A former White House economist weighs the pros and cons of job-retraining programs, aid for states, and universal basic income.

Economics

Here’s How Americans Are Spending Their Stimulus Checks

Real-time data pinpoints what we’re buying, and who’s spending the fastest.

Policy

Containing COVID-19 Will Devastate the Economy. Here’s the Economic Case for Why It’s Still Our Best Option.

The death toll from failing to contain the virus will be far more costly to society.

Policy

How to Shore Up State and Local Budgets during a Coronavirus Recession

State governments are responsible for implementing much of the social safety net. They’ll be looking to the federal government for extra help.

Policy

When Do Open Borders Make Economic Sense?

A new study provides a window into the logic behind various immigration policies.

Policy

Dozens of New Terrorist Organizations Emerge Each Year. Which Ones Will Become Most Dangerous?

A new tool gets at the answer using the same techniques that investors use to evaluate startups.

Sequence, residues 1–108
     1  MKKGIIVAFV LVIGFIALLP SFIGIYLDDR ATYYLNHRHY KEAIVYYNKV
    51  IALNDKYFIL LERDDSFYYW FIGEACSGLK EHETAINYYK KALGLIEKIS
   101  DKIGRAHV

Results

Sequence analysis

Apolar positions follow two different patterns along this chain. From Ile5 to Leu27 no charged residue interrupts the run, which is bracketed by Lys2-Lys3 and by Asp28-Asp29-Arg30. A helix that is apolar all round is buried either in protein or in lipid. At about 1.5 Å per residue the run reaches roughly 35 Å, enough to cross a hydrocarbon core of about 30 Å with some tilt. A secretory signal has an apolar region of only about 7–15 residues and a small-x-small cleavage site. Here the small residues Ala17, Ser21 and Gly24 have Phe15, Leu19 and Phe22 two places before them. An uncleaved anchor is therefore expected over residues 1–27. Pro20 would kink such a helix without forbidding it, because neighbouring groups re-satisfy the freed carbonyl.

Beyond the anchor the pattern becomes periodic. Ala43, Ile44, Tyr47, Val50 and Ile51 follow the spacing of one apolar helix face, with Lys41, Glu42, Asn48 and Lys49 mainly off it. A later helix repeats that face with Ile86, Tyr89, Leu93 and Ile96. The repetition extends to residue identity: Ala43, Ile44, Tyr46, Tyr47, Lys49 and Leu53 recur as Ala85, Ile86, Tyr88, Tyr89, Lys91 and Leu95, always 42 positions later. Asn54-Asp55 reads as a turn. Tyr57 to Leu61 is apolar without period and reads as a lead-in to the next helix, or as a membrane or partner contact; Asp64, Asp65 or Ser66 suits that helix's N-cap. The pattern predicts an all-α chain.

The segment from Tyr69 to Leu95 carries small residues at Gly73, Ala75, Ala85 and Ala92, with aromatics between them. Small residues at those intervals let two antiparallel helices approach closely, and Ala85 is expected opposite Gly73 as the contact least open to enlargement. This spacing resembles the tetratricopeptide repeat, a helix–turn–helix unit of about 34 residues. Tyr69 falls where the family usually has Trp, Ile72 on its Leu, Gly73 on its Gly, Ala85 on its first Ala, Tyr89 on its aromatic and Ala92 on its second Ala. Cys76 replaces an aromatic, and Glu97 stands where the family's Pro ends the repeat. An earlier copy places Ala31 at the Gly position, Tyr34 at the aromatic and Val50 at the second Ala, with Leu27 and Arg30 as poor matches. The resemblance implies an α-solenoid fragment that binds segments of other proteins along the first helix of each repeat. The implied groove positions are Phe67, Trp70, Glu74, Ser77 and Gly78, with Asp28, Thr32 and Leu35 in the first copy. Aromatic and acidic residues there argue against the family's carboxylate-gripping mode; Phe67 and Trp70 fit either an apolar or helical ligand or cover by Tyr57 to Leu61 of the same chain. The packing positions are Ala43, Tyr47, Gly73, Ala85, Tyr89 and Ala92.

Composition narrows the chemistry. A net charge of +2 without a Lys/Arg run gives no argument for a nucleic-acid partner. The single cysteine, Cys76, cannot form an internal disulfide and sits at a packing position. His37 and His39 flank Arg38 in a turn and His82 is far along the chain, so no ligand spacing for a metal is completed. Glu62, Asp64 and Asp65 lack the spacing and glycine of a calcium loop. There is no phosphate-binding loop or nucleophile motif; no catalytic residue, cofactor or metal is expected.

Healthcare

Would "Medicare for All" Really Reduce Healthcare Costs in the U.S.?

Single payer drives significant savings in countries like Canada. But new research suggests it might play out differently in the U.S.

Finance & Accounting

Is Maximizing Shareholder Value a Thing of the Past?

Top CEOs recently “redefined” the purpose of a corporation. Kellogg faculty weigh in.

Healthcare

Would “Medicare for All” Really Reduce Healthcare Costs in the U.S.?

Single payer drives significant savings in countries like Canada. But new research suggests it might play out differently in the U.S.

Finance & Accounting

Is Maximizing Shareholder Value a Thing of the Past?

Top CEOs recently “redefined” the purpose of a corporation. Kellogg faculty weigh in.

Federal interrogator grills smartphone.
Policy

Why Antitrust Regulators Don’t Scare Big Tech

A business law expert explains why the market is more likely than the government to rein in Apple, Amazon, Facebook, and Google.

Policy

The Business Case for Comprehensive Immigration Reform

Two economists propose a bipartisan immigration overhaul, with an eye towards the future of the labor force.

Politics & Elections

When People Think Their Neighbors Support Trump, They’re More Likely to Express Anti-immigrant Views

Social norms are powerful—but fluid. A study of the 2016 election shows how they can change.

Policy